Who Says We're a Divided Nation?

From a friend, this flyer left on doorknobs in Connecticut this weekend:

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Talking Points Memo

More here and here. This does help you pencil in how all sides think the seven electoral votes in the Nutmeg State are going to go.

Policy announcement: In the same "let's break down normal barriers!" spirit as that inspiring flyer, here is a plan for activity in this space over the next 24 hours, which will be different from any of the other 24-hour stretches dating back to the dim recesses of TheAtlantic.com's past. I am planning to put up a ton of material, something every hour or two (rather than once every day or two), because so much has poured in that is interesting / relevant before the election.

I'll start with the next installment of "Ask Dr. Popkin," which will address why the winner in this race won. Stay tuned.
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James Fallows is a national correspondent for The Atlantic and has written for the magazine since the late 1970s. He has reported extensively from outside the United States and once worked as President Carter's chief speechwriter. His latest book is China Airborne. More

James Fallows is based in Washington as a national correspondent for The Atlantic. He has worked for the magazine for nearly 30 years and in that time has also lived in Seattle, Berkeley, Austin, Tokyo, Kuala Lumpur, Shanghai, and Beijing. He was raised in Redlands, California, received his undergraduate degree in American history and literature from Harvard, and received a graduate degree in economics from Oxford as a Rhodes scholar. In addition to working for The Atlantic, he has spent two years as chief White House speechwriter for Jimmy Carter, two years as the editor of US News & World Report, and six months as a program designer at Microsoft. He is an instrument-rated private pilot. He is also now the chair in U.S. media at the U.S. Studies Centre at the University of Sydney, in Australia.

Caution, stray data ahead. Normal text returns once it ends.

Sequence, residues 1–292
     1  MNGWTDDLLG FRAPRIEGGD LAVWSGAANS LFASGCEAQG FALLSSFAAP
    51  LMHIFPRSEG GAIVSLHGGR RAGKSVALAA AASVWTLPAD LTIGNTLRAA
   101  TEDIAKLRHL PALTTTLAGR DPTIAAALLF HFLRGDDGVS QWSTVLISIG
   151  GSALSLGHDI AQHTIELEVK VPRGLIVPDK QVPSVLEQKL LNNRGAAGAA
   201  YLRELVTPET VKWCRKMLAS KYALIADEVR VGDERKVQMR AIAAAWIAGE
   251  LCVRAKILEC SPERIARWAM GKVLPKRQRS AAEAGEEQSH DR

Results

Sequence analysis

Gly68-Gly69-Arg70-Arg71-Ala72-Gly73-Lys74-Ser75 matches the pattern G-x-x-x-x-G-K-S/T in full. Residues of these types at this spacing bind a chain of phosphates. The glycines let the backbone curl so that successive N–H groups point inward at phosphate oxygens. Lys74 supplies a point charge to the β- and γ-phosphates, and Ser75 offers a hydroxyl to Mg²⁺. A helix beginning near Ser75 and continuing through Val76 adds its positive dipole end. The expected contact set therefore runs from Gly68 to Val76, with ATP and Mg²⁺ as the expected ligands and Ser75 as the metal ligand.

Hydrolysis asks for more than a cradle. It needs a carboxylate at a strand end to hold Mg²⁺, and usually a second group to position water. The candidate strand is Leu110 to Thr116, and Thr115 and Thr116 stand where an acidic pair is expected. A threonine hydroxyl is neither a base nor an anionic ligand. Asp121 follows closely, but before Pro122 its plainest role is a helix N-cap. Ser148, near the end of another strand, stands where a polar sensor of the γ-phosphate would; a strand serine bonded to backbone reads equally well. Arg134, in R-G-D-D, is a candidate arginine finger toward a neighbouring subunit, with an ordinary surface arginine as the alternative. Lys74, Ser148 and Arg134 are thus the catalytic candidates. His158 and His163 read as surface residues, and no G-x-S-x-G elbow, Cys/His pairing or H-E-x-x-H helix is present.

Fallows has been a finalist for the National Magazine Award five times and has won once; he has also won the American Book Award for nonfiction and a N.Y. Emmy award for the documentary series Doing Business in China. He was the founding chairman of the New America Foundation. His recent books Blind Into Baghdad (2006) and Postcards From Tomorrow Square (2009) are based on his writings for The Atlantic. His latest book is China Airborne. He is married to Deborah Fallows, author of the recent book Dreaming in Chinese. They have two married sons.

Fallows welcomes and frequently quotes from reader mail sent via the "Email" button below. Unless you specify otherwise, we consider any incoming mail available for possible quotation -- but not with the sender's real name unless you explicitly state that it may be used. If you are wondering why Fallows does not use a "Comments" field below his posts, please see previous explanations here and here.

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